In a society that loves to fit us into binary boxes of gender, it comes as no surprise that entire generations willingly and unwillingly internalize what it means to be masculine or feminine. As scholar Judith Butler has long argued, “Gender reality is performative which means, quite simply, that it is real only to the extent that it is performed.”
The idea of gender and its identity takes place necessarily through acts of repetition and this performance is further reinforced by the reactions we get when we fail to adhere to these gender norms.
In a largely patriarchal and heteronormative society that places such great importance on gender roles and their performance of it, ideals of masculinity are also sure to be limited in scope.
Manliness and masculinity then come to be defined within the purview of the figure of the ‘macho’ or ‘alpha’ as toxic masculinity pervades every aspect of men’s life. Society often tells men to ‘man up’ and starts conditioning young boys to believe that ‘boys don’t cry’. It comes as no shock then that men struggle to come to terms with their own emotional and psychological needs.
Breaking away from this limited scope of masculinity is writer, researcher, and photographer Raqeeb Raza whose work has always presented itself as an antithesis to the mainstream representation of masculinity, sexuality, and gender. Talking about his work Tender as Male, he tells me, “How often do you associate masculinity with tenderness? How often do we look at the male body tenderly, like it’s comforting and reassuring? We have always associated the male body with violence, rigidness, and intimidation because of our experiences with men in a patriarchal society like ours. They are justified, they make sense. But what would male tenderness honestly look like?”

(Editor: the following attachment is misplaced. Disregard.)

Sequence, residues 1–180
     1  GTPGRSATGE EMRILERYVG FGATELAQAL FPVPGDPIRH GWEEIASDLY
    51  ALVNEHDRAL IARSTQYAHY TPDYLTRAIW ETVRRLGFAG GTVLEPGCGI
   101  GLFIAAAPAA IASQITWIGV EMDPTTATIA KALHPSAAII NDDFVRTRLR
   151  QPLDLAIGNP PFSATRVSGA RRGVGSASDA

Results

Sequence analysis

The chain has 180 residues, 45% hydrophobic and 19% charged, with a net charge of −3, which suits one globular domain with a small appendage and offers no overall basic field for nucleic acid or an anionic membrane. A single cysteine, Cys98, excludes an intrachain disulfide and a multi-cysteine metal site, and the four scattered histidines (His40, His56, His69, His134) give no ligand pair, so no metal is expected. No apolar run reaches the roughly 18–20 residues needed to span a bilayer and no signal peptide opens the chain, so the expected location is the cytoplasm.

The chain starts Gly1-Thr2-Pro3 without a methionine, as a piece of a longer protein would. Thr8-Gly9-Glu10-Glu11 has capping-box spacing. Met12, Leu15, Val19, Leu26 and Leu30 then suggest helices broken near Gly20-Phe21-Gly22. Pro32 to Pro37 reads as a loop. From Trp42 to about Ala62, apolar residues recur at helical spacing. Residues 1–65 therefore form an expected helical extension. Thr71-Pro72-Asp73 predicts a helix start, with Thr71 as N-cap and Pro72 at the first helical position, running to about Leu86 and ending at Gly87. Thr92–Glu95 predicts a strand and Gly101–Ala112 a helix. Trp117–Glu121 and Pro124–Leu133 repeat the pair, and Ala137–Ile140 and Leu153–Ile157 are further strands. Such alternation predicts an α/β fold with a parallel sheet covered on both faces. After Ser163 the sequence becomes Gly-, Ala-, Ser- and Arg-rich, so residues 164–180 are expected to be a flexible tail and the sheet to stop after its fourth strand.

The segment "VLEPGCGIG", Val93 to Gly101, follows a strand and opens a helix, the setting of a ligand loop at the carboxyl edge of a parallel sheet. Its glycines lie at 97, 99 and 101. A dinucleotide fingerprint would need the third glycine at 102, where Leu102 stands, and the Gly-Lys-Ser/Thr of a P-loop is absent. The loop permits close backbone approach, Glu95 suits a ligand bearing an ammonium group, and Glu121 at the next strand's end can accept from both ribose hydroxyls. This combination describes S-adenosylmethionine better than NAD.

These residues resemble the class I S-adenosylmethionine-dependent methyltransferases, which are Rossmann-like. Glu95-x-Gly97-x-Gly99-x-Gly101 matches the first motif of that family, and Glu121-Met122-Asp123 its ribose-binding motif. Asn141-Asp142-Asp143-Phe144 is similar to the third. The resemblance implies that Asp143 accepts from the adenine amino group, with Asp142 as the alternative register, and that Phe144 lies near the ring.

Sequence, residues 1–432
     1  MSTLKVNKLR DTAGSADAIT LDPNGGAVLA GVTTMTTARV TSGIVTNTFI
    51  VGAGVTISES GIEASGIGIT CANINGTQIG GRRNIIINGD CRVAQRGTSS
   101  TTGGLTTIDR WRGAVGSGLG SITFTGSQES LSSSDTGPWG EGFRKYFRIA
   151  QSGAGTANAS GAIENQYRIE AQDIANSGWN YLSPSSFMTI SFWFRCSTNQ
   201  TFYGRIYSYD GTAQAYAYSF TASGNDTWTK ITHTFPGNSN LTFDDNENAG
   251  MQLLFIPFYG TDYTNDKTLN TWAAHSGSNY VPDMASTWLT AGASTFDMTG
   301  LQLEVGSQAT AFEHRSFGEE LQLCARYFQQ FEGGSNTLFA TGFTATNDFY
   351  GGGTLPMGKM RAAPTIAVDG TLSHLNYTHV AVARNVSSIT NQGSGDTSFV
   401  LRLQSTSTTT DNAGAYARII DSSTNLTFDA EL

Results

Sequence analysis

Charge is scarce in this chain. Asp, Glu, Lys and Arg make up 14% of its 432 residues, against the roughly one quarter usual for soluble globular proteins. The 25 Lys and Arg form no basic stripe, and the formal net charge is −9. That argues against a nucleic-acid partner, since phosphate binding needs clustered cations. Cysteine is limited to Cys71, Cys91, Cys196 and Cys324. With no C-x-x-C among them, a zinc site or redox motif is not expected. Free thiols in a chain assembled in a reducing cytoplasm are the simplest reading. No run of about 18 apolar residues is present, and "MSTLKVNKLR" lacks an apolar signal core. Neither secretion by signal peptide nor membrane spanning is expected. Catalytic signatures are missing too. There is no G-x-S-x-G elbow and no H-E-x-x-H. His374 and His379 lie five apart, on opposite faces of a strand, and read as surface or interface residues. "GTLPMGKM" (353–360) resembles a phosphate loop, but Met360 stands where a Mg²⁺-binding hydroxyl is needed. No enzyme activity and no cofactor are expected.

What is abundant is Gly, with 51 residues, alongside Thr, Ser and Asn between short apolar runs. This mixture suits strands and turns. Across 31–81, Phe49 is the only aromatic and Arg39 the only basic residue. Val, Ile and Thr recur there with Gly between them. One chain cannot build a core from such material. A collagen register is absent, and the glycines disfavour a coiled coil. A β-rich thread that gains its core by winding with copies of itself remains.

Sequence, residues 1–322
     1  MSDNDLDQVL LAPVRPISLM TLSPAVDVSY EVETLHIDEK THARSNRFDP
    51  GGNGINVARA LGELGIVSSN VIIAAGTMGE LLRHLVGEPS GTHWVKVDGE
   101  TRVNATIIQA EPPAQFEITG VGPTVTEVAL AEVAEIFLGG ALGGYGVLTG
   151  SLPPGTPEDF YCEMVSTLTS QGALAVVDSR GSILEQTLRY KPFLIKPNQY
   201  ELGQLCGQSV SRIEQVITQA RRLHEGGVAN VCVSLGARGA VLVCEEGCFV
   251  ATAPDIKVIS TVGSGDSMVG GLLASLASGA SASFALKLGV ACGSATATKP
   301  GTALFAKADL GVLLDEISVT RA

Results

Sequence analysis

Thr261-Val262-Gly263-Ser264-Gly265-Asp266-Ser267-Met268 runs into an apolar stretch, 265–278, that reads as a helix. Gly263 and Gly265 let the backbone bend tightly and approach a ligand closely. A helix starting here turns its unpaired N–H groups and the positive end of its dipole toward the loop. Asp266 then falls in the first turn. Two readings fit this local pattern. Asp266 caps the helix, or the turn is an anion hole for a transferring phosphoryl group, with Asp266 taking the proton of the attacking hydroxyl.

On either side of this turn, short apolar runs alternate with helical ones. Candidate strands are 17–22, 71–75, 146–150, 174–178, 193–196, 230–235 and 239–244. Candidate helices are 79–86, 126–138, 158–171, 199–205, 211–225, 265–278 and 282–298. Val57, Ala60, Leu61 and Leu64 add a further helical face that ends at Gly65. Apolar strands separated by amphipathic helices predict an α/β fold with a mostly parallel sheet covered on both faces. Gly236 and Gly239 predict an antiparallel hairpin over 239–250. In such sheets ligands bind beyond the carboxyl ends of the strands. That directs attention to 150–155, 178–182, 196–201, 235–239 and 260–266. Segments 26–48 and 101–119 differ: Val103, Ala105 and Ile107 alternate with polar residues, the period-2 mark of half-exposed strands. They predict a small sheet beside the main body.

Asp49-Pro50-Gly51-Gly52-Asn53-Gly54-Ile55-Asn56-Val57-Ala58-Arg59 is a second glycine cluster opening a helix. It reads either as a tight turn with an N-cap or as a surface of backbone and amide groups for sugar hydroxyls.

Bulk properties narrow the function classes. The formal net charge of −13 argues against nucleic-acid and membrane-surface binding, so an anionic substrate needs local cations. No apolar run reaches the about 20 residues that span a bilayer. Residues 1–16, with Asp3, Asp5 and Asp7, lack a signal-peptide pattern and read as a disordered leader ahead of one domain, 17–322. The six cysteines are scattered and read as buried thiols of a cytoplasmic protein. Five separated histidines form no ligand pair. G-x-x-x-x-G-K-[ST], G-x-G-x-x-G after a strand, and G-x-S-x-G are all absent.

His video documentary is an attempt to find an answer to this question. It is an honest inquiry and a beautifully moving work that explores and celebrates masculinity in a way that is far removed from its mainstream portrayal.
He says, “Can we imagine a future where masculinity isn’t associated with toxicity, where we can look at male bodies more softly, as a more comforting visual? Can we imagine a future where masculinity as a term evolves into something inclusive and boundless? Where certain roles aren’t expected? Dreaming of this future as I write with Debo in mind and heart.”
Debo, a queer and creative individual in their own right, is the muse of this series, in our conversation about what this series means to them, they say, “I had never been against the idea of nudity. But because I had always been bullied my whole life for being skinny, often at times over the years I had hated my body so much. It’s only recently that I have started accepting it – its desirability. It’s only recently that I have started to let the others gaze at it – my body. This project was of paramount help in making myself more comfortable with my own body. Like one step taken at a time, it appeared to me as if I could do this one I could do much more for myself in the future.”
Once in an entirely separate conversation with Raqeeb I asked him what the most rewarding and joyous part of creating has been and he said, “An aspect is how my work helps me unlearn and learn my own notions around body and sexuality and helps me grow every day.”
With his latest piece of work, this is exactly what he has managed to do again while also creating a community and a space for a new generation of individuals to openly express themselves as well as their masculinity and celebrate it as they move away from society and pop culture’s limited understanding of what masculinity entails.
Watch Tender As Male here.
Take a look at Raqeeb’s work here.
You can follow Debo here.
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